Sheena Iyengar, The Art of Choosing
2010 | Label: Twelve
A smart analysis of how to choose wisely
If you’re an American, you’re obsessed with choice — that much is beyond doubt. America is consistently ranked as one of the nations that most values freedom to choose; tests demonstrate that our children value the ability to choose more than kids in other cultures, and the variety of goods in our supermarkets is significantly higher than in other industrialized countries. We’re a nation of deciders — but is that a good thing?
Turns out that’s a complicated question, one that Sheena Iyengar mines for a provocative blend of hard science and popular culture in The Art of Choosing. Iyengar gathers a plethora of studies that show the desire to make choices is hardwired — in fact, a certain amount of choice can make people less stressed, happier — it may even lengthen their lifespan. That much may be obvious to anyone who’s ever had a boss, but Iyengar also warns that choice can be taken too far. Among other things, she presents her infamous “jam study,” which showed that consumers actually buy more when presented with fewer products to choose from. Moreover, many societies have solved problems the U.S. still faces simply by allowing for slightly less choice. In America, for instance, the so-called quarter-life crisis is on the rise, but in Japan, where identity-seeking college grads are given fewer options, people face less difficulty making the transition to adulthood.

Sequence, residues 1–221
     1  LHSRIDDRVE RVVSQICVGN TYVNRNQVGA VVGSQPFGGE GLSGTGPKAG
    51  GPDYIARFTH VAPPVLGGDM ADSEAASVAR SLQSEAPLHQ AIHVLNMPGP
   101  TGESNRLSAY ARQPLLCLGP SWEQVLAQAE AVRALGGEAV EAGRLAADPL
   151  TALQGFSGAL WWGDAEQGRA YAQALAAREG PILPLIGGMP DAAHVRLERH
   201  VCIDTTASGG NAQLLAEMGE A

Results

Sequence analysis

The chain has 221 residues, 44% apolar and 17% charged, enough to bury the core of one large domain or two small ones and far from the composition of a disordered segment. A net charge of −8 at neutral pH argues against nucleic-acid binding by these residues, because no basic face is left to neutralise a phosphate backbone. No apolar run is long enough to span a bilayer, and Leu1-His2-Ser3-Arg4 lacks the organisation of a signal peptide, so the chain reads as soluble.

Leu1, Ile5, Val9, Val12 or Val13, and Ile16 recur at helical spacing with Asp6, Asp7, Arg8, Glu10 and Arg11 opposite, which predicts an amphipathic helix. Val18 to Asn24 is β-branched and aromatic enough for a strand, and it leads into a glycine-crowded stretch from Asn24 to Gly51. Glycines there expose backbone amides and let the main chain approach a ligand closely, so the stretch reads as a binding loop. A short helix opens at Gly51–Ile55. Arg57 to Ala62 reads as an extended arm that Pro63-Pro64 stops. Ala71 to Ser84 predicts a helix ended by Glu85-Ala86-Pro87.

The Art of Choosing is a considered inquiry into decision-making, one that acknowledges the upsides of Americans’ limitless choice while also acknowledging times when less may, in fact, be more. It’s a debate you can have the next time you and a friend are trying to choose from 16 different dinner options.